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Hi Blue Room,


I work in a High school with a 140 seat Theatre, We have reecently had a bit of an overhaul with our lighting equipment, which has been in place for around 20 years or so, I think the same goes for our sound equipment, most of it is ok and does the job, but I want it to do the job better and give us more options for school events/shows. We currently dont have any way of talking to back stage, I have been reading up but am slightly confused as to what methods we could use to do this. We use 4 x UHF Wireless lapel Mics but I am having those replaced due to the sound quality, damage to them and the age, we get alot of buzzing with the microphones in, but thats another story.


We currently have in place an ancient powered mixer connected to a set of speakers, which I dont think are too bad, the sound is pretty decent, but these are an age old.


Are there any preferences as to using a powered or unpowered mixer? should we have a seperate amp? What method can we use for talking to back stage and back stage talking to the people on the lighting/sound? could our buzzing likely be our sound cables (from mixer to speakers)


Sorry for the long post,


Anything would help, im not too great at the technical specs of sound systems so sorry I cannot provide more information, I need to learn and im in charge, any websites with lots of sound related information would be good also.





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Check the FAQ at the top of the page for some links to useful pages. There are a lot of websites out there with info, and, dare I say it, good old books.

Sounds like the old school, "he knows about stuff with cables" job to me! There are a lot of school techs here. Check out the STSG website for more info.

As to sound. May I suggest that even with lots of knowledge you will still be hampered by inexperience. Why not get an external company to spec/sell you the stuff. You won't pay that much more in the short term and, two years down the line when you have some more experience, you will thank yourself for not trying to go it alone.

Hope that helps,


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I think you need to give us more idea of what you have. Some is a bit confusing. UHF radios usually mean not that old, and tere aren't very many that arereally awful, so the buzzing could be all sorts of things.


The mixer amp could be really bad, or rather nice - age isn't an absolute killer.


Talking back to stage has been covered in another recent thread- so I won't start the thing again have a look here


There are also lots of other comms threads.


So let us know what you have, where it is normally put and what you want to do!

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Here is a List of what we have;


Powered Mixer: InterM CA-6220 Stereo Powered Mixer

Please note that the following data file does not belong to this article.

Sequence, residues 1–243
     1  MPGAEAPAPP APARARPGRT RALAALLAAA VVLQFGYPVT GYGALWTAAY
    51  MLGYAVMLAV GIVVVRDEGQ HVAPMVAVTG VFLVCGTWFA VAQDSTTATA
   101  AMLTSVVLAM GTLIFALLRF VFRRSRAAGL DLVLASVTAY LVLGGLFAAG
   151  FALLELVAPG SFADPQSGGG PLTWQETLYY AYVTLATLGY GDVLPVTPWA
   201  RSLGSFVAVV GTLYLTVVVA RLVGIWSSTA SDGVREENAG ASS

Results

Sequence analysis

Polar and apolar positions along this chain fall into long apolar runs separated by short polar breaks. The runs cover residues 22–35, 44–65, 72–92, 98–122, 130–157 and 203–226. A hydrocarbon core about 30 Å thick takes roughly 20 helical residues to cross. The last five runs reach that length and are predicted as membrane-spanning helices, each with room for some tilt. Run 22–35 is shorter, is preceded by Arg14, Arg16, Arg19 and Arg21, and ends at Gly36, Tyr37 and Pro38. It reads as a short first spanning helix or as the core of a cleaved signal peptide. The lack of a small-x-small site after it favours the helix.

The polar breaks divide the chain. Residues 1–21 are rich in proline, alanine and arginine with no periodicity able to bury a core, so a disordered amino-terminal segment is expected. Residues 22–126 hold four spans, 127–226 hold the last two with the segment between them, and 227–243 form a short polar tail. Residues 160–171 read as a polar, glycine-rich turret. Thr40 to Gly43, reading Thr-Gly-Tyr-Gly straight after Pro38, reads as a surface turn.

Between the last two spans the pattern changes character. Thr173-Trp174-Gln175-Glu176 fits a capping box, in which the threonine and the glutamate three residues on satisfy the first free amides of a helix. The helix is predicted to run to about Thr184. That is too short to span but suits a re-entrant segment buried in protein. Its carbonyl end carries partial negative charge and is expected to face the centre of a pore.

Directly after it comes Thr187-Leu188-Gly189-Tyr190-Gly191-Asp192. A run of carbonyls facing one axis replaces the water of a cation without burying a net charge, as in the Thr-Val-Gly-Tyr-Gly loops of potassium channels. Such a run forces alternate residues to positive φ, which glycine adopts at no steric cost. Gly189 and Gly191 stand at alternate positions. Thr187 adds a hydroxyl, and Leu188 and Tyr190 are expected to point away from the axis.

Speakers: TOA (unsure of wattage or anything no stickers or info on them.)

Microphones: http://mveducation.com/invt/19806/ They look liek this, not sure if its an exact model match but they are identical in looks, we must have had mics for 3-4 Years atleast.


Jack-Jack Speakers leads connecting Mixer to Speakers, not sure how old, length is probsbably around 15-20 meters.


Looking at it maybe what we have is sufficent for what we need it for, it plays it works, maybe I am expecting a little much, is slight buzzing common and should it be put up with or not?





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The radio mics aren't too bad - Audio Tecnica are pretty good for budget end products.


The first thing to do is to try and find the source of the buzz. Has it always buzzed or is this a new problem? Does the buzz get louder if the gain is increased, or doe it remain constant?


Remove the inputs from the mixer-amp. Does it buzz? If the buzz is there with no inpts connected - the mixer-amp is the source. If the buzzing stops, then plug back in the radio receivers, one at a time. Does the buzz start again. If so, then first thing is to try the receivers on something else - even a guitar amp will do. Are they buzz free? The most likely culprit is some kind of earth loop, but unlikley with A/T as they often use wall wart psus, and don't have an earth in the power cable. If the receiver is buzz free, try turning on the TX - with the mic disconnected. Does this buzz? If it does, then look at a TX problem, if it doesn't, connect the mic - does the buzz then start? If so suspect the mic capsule, or the wiring.


Bit by bit you should be able to go through the entire system. With this kind of problem, it's important to start with a clean system, then keep adding till you identify what you just did that starts the problem. This doesn't always mean the the new device is the fault, but points you in a useful direction.

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